John Horgan

The airline magazine article proved to be a reminder. It was a readers’ choice travel list, almost innocuous but nonetheless instructive. 

Only the best in a variety of categories were noted. That was the whole point. Excellence, or at least excellence as defined by the airline’s customers, was what mattered. 

Sadly, that’s not so much the case in the tortured realm of academia. There, slowly but surely, efforts continue to nibble away and eliminate clear signs of outstanding work.

Some schools have abandoned letter grades. Where there was once a single valedictorian at graduation ceremonies, there are now whole gaggles of them.

Grade point averages have soared to outlandish heights in too many cases. Testing, especially standardized testing as a vital analytical tool, is increasingly seen as somehow discriminatory, unfair and, by definition, inaccurate. 

The very concept of an honor roll is viewed as being dangerous to the self-esteem of those left off the list, at least in some enlightened quarters.

Fortunately, there is a prominent holdout in this miasma of misplaced thinking. The National Merit Scholarship Corp. continues to hand out yearly awards based, in large measure, on actual, measurable academic achievement. 

These are prestigious honors precisely because, for the most part, they are based on merit, although certain other factors are involved as well. Thirty San Mateo County seniors in the Class of 2021 have captured those prizes. They are as follows: 

Alexandra Aroff, Carlmont; Jane Brockett, Sacred Heart Prep; Alex Chen, Nueva; Hubert Chen, Burlingame; Novak Chernesky, Crystal Springs-Uplands; Alexandra Dimitrall, Castilleja (Palo Alto); William Drew, Nueva; Sarah Fujimori, Menlo School; Eric Gan, Aragon; Charlotte Ho, Crystal Springs-Uplands; Corwin Jones, Half Moon Bay; Meghan Kelly, Mills; Joshua Lowe, Menlo School; Jessica Ma, Carlmont; Ronan Manning, Serra; Sathvik Nori, Menlo-Atherton; Adam Ousherovitch, Hillsdale; Rachel Park, Menlo-Atherton; Aditya Pathak, Serra; Finn Roblin, Sacred Heart Prep; Mathew Sakiyama, Nueva; Arth Shukla, Sequoia; Kayla Shiao, Aragon; Evan Stelman, Nueva; Katherine Tung, Menlo School; Alexander Waitz, Menlo-Atherton; Evan Wong, Carlmont; Lauren Wong, Nueva; Lucy Yin, Aragon; and Jessica Zhang, Proof School (SF).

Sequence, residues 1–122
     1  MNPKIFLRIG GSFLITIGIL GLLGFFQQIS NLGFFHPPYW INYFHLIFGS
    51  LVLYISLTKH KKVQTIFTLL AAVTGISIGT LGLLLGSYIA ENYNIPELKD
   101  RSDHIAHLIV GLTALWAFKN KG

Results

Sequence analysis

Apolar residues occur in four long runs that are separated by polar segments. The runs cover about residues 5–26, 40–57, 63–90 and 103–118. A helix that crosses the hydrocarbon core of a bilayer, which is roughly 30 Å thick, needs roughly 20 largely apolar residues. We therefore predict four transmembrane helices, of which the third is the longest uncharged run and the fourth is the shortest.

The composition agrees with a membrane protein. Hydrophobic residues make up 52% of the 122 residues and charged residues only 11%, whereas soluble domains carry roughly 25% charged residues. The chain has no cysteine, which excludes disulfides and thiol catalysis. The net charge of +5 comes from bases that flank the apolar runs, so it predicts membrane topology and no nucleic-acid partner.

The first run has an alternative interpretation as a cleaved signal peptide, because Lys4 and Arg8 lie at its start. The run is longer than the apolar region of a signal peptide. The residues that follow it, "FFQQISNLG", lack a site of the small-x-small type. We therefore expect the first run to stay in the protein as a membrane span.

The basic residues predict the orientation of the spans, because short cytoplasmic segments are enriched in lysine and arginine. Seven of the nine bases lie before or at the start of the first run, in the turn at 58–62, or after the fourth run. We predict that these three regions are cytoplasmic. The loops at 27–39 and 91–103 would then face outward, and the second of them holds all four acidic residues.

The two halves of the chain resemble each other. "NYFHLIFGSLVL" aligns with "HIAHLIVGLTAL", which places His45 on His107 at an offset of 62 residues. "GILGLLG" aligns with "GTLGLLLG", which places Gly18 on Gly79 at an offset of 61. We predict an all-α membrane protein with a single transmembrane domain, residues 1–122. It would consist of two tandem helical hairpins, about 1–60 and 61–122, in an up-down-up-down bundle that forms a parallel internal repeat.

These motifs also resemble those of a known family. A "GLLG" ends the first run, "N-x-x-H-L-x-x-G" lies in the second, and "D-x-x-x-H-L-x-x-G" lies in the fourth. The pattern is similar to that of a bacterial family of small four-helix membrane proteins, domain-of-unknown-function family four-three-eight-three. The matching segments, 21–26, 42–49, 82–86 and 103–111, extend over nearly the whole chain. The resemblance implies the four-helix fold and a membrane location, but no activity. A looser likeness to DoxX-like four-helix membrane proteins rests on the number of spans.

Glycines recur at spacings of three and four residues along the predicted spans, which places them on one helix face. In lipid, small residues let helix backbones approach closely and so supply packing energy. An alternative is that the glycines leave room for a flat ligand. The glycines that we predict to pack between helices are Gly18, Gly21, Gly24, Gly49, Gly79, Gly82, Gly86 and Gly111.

A DISTURBING SCENE AT SFO: Let’s just call it another unsettling scene from the seemingly endless COVID Era of Discontent. It happened last week in Terminal 3 at San Francisco International Airport.

Once again, masking, or lack of same, was the issue. It wasn’t pretty.

An older gentleman being transported in a wheeled SFO courtesy chair was screaming vulgarities at a younger man who was not wearing his protective mask properly. 

The mask was hanging down below his nose and mouth. It was essentially useless in defiance of the airport’s masking mandate. He was also firing back with obscenities of his own.

To say it was uncomfortable to watch and listen to would be an understatement. The mutual hatred was palpable. The venom was shocking.

There was one more thing making the verbal confrontation even more unattractive: The old guy was white and the younger fellow was Black. 

However, during the 45 or fewer seconds I was near enough to hear, no racial epithets were hurled by either party.

Nonetheless, it was one more case of the discord and unpleasantness created by a nagging pandemic that continues to ebb and flow on a weekly basis, turning people against one another in the process.

BASEBALL CAN BE CONFUSING: Baseball is not an easy sport to understand. It’s unlike any other popular American athletic pastime. 

There are so many unique oddities, strange rules and weird nuances that folks can be forgiven if they cannot figure out what’s going on. 

The Giants, our local professional outfit, have been making it even harder to fathom their daily machinations by listing their occasional starting pitcher as someone named TBD.

This is a guy who has no won-lost record, no earned run average, no photograph and no biography. He’s essentially faceless, devoid of persona and performance. He’s not like FDR or AOC.

TBD stands for “To Be Determined.” In other words, we really have no firm notion of who’s going to start the next ballgame. But, so far, TBD has helped the Giants make hay in the National League standings.


EL CAMINO’S JIM CRESTA DIES: On a sad and final note, Jim Cresta, a fixture on the teaching staff at El Camino High School, died earlier this week.

A dedicated health and auto shop instructor in the South San Francisco Unified School District, he worked at El Camino from 1964 to 2021, a staggering span of 57 years of service that embraced 11 different U.S. presidential administrations.

He had one of the longest teaching tenures in a public high school district in San Mateo County history.    


You can get in touch with John Horgan by email at

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